Because the PCI DSS is widely used, Caché includes several changes speciGically designed to make it easier to build applications that comply with the standard. These enhancements, available in Caché 2011, are mainly concerned with the key management used by data element encryption.

Managed keys

With this enhancement, the encryption key material used for data element encryption is securely held by the system, by storing it in the same protected mem-ory location as the database encryption key. Applications will refer to individual encryption keys using a unique KeyID, therefore eliminating direct access to the key material itself.

To make things easier for developers, when this new method of data element encryption is used, the KeyID is embedded in the resulting cipher-text. This enables the decryption process to automatically identify the key that was used to encrypt the data. The new managed key system supports several such keys in addition to the database encryption key. This will make it easy for application developers to satisfy re-encryption requirements in real time and with virtually no impact to the performance of the deployed application.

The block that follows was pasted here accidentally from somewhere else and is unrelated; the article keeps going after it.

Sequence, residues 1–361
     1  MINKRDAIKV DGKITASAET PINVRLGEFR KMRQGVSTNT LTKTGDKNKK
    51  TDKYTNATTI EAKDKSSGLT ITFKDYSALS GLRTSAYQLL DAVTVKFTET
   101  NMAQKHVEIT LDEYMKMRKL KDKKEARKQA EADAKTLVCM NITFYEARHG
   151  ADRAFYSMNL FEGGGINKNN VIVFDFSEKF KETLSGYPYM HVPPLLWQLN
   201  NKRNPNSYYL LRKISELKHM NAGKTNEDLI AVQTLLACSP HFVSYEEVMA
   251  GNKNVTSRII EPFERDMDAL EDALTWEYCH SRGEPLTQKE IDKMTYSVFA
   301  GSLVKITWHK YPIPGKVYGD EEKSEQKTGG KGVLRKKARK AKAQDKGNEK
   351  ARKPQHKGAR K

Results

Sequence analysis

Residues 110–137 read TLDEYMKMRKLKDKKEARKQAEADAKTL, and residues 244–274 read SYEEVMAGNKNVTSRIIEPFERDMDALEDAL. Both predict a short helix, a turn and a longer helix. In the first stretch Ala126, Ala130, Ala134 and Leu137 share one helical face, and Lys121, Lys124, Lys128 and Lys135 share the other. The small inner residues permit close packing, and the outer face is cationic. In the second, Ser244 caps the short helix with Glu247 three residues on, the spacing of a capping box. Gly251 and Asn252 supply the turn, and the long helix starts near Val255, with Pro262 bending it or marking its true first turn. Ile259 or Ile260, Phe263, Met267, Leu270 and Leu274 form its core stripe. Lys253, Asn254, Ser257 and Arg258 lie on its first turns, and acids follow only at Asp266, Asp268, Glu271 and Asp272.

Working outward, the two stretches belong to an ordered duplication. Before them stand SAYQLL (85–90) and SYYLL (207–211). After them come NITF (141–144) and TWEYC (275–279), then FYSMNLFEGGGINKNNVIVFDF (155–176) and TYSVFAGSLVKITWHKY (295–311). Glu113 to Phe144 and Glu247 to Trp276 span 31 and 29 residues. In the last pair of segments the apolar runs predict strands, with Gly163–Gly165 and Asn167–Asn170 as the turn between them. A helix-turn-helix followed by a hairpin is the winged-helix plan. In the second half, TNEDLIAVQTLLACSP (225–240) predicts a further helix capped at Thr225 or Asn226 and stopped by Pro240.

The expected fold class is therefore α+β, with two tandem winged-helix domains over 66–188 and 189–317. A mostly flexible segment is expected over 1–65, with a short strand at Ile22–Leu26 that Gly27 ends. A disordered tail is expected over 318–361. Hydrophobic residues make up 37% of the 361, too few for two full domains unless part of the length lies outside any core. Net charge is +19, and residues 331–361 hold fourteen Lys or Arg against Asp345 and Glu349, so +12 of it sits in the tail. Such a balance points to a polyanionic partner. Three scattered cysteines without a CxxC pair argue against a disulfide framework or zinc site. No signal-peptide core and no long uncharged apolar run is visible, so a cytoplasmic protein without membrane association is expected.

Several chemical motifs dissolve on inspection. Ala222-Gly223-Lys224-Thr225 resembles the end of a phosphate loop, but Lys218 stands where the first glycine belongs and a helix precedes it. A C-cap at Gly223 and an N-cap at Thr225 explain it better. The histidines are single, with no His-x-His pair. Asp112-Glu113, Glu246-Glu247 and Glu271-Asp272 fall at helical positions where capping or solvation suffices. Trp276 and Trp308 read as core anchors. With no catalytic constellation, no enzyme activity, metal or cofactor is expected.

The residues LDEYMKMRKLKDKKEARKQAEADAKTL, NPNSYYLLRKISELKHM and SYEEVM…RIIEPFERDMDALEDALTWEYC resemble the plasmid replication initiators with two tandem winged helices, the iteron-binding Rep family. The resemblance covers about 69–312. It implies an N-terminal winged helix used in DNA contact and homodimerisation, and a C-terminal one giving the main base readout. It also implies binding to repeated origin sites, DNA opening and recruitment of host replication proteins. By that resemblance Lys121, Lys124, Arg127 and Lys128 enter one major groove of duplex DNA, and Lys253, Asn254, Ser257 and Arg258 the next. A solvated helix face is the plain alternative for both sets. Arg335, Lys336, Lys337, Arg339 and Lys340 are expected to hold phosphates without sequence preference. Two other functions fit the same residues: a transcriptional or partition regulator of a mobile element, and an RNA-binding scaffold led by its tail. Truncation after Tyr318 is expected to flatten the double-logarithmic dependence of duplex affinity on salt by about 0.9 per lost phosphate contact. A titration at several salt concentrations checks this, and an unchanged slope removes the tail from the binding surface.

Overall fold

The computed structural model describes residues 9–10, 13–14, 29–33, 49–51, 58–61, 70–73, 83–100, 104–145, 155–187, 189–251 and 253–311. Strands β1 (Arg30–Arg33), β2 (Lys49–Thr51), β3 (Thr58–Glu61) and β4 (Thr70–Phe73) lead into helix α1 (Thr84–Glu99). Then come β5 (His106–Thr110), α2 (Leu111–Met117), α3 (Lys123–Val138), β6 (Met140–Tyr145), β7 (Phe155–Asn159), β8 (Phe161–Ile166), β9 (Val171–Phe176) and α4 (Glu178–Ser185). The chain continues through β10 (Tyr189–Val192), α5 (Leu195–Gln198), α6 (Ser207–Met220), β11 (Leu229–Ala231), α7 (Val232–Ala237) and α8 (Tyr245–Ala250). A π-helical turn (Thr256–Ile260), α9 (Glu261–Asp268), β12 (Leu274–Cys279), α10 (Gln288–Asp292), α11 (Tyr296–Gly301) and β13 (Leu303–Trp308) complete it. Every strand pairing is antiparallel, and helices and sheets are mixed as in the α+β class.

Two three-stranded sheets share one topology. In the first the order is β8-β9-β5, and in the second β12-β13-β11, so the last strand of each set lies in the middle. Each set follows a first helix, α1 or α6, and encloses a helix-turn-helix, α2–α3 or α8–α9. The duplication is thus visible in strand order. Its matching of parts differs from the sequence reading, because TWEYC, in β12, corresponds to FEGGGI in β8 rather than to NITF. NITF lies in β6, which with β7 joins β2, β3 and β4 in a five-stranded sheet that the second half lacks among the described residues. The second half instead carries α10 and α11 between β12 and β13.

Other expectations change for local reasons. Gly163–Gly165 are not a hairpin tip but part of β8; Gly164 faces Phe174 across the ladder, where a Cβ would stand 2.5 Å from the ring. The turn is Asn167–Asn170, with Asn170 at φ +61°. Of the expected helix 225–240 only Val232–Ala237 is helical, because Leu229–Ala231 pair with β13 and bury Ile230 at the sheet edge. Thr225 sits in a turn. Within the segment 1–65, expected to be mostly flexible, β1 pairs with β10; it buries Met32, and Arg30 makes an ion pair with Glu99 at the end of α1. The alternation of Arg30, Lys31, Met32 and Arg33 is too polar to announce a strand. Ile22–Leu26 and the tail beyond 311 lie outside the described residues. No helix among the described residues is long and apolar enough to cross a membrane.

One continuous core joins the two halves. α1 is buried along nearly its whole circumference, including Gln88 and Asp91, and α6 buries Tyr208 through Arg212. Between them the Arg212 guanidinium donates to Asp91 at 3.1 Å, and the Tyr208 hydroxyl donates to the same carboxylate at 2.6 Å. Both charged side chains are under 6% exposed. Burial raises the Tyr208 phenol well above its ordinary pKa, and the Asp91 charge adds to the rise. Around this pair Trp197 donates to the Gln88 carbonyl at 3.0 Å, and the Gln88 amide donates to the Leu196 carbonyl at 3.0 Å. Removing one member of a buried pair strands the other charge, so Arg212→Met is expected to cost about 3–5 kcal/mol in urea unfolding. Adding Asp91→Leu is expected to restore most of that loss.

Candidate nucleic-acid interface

Conclusion

The PCI DSS is being adopted by merchants and service providers around the world who need to securely handle credit card information. Application providers need to make sure their solutions are compliant with this standard.

InterSystems Caché gives developers the ability to build applications that comply with the PCI DSS. Enhancements included in Caché 2011 will make that task even easier.

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World Headquarters One Memorial Drive Cambridge, MA 02142-1356 Tel: +1.617.621.0600 Fax: +1.617.494.1631 InterSystems.com